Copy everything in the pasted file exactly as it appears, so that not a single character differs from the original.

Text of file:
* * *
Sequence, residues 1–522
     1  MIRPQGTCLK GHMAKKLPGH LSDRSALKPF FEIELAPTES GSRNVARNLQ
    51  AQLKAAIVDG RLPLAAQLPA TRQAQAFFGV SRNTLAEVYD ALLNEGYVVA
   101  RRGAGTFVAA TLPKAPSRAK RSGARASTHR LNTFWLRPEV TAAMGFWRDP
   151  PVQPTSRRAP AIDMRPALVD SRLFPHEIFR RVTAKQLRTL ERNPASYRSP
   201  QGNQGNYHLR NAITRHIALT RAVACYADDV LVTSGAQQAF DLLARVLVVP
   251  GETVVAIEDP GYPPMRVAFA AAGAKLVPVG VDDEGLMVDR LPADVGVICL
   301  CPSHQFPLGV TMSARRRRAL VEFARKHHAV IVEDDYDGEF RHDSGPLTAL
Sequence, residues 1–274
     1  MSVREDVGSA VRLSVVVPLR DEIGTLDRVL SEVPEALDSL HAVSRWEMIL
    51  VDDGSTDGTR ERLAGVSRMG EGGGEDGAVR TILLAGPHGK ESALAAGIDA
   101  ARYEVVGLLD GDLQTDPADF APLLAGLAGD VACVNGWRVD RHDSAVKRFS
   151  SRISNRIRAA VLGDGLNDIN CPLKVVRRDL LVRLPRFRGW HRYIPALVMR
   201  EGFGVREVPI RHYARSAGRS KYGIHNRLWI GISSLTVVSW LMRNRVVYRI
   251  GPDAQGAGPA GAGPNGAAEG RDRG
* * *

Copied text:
Sequence, residues 1–522
     1  MIRPQGTCLK GHMAKKLPGH LSDRSALKPF FEIELAPTES GSRNVARNLQ
    51  AQLKAAIVDG RLPLAAQLPA TRQAQAFFGV SRNTLAEVYD ALLNEGYVVA
   101  RRGAGTFVAA TLPKAPSRAK RSGARASTHR LNTFWLRPEV TAAMGFWRDP
   151  PVQPTSRRAP AIDMRPALVD SRLFPHEIFR RVTAKQLRTL ERNPASYRSP
   201  QGNQGNYHLR NAITRHIALT RAVACYADDV LVTSGAQQAF DLLARVLVVP
   251  GETVVAIEDP GYPPMRVAFA AAGAKLVPVG VDDEGLMVDR LPADVGVICL
   301  CPSHQFPLGV TMSARRRRAL VEFARKHHAV IVEDDYDGEF RHDSGPLTAL
Sequence, residues 1–274
     1  MSVREDVGSA VRLSVVVPLR DEIGTLDRVL SEVPEALDSL HAVSRWEMIL
    51  VDDGSTDGTR ERLAGVSRMG EGGGEDGAVR TILLAGPHGK ESALAAGIDA
   101  ARYEVVGLLD GDLQTDPADF APLLAGLAGD VACVNGWRVD RHDSAVKRFS
   151  SRISNRIRAA VLGDGLNDIN CPLKVVRRDL LVRLPRFRGW HRYIPALVMR
   201  EGFGVREVPI RHYARSAGRS KYGIHNRLWI GISSLTVVSW LMRNRVVYRI
   251  GPDAQGAGPA GAGPNGAAEG RDRG